Nonpartisan Elections

Hopkinsville is one of a handful of Kentucky cities that still conduct partisan elections for mayor and council.

Under the current system, registered Democrats and Republicans cast ballots only within their party and their geographic ward in the primary. Independents and those who don’t have a party affiliation cannot vote. In the general election, everyone votes in all 12 wards.

In July 2020, the city council voted to shift to a nonpartisan system, but Mayor Wendell Lynch vetoed the effort, saying residents needed more time to understand how nonpartisan elections would affect the community. In May 2021, he appointed a citizens committee to study partisan versus nonpartisan elections.

Here’s our coverage of the initial discussions and the efforts made by the panel of residents.

In February, the Nonpartisan Elections Citizens Committee will begin preparing a report to city council on its findings about a possible switch from partisan to nonpartisan city races.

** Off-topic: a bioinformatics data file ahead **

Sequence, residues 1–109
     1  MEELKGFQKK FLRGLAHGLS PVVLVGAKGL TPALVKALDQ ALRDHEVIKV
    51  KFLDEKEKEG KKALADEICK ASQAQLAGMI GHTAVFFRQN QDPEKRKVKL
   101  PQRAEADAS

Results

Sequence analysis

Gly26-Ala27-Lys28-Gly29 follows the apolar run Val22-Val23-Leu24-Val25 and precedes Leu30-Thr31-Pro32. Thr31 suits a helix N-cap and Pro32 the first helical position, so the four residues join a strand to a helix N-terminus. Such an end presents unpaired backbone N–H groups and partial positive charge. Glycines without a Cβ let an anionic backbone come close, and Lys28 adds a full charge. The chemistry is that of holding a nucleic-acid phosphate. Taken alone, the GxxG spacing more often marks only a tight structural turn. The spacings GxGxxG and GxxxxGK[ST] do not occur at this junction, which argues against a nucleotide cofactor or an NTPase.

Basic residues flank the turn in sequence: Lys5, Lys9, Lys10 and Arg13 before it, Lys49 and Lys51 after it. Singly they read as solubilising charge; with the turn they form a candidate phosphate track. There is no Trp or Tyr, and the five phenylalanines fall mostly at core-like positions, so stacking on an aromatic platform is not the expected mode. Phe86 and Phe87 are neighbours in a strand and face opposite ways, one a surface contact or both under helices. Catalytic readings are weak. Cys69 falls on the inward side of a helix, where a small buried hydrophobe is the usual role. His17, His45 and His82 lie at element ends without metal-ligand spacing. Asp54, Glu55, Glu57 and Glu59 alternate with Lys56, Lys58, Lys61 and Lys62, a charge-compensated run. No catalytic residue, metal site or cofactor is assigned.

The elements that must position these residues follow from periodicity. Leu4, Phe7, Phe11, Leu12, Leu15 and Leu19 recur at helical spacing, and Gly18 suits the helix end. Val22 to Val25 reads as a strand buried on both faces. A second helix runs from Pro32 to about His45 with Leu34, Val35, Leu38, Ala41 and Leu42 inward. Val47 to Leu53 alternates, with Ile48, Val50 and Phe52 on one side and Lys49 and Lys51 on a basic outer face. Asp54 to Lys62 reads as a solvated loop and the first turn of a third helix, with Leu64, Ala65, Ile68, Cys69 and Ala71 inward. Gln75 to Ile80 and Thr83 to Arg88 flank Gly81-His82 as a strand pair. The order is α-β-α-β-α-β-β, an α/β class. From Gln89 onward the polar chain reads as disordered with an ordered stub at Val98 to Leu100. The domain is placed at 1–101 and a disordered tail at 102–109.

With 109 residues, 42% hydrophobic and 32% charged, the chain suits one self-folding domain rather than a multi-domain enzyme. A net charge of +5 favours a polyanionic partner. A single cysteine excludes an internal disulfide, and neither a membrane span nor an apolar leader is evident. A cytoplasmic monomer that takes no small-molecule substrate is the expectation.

Citizens comment on potential nonpartisan city elections
The forum begins at 5:30 p.m. in the Hopkinsville High School gymnasium.
Nonpartisan elections forum is Tuesday
Nonpartisan Elections Citizens Committee is planning two forums to help educate local voters.
Community forums to address nonpartisan elections
The committee is arranging to have several speakers address the community on the differences between nonpartisan and partisan city elections, and the potential impact of each.
Nonpartisan election panel prioritizes role to inform public
Political science professors, representatives of the Kentucky League of Cities, and possibly others, will be asked to address the committee and the public.
Nonpartisan election panel to seek expert input
The 12-member committee is slated to review and discuss state laws relevant to local elections.
Nonpartisan elections panel to meet Thursday
As a community journalist, you shouldn't count on an anonymous life. You should count on running into the people you write about at the grocery store, among other places.
grocery cart aisle
The 12-member committee, appointed by Mayor Wendell Lynch, will meet June 3.
Hopkinsville city seal
The committee chair will be Rich Maddux, a former manufacturing plant executive who with his wife now runs The Rabbit’s Basket, an urban farm.
Mayor selects 12 citizens for nonpartisan elections committee
The committee’s first charge is to learn and educate the public in an “unbiased manner” on partisan versus nonpartisan elections and to explore the “basis for changing the present system.”
Mayor Lynch set to appoint nonpartisan elections committee


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